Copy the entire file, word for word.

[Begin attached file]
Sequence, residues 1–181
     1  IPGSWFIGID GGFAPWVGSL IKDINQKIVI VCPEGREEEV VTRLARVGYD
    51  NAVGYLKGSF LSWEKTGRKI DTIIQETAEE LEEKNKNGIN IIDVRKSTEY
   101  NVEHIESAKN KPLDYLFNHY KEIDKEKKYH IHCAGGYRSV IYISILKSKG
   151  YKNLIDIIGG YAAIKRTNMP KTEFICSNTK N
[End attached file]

Sequence, residues 1–181
     1  IPGSWFIGID GGFAPWVGSL IKDINQKIVI VCPEGREEEV VTRLARVGYD
    51  NAVGYLKGSF LSWEKTGRKI DTIIQETAEE LEEKNKNGIN IIDVRKSTEY
   101  NVEHIESAKN KPLDYLFNHY KEIDKEKKYH IHCAGGYRSV IYISILKSKG
   151  YKNLIDIIGG YAAIKRTNMP KTEFICSNTK N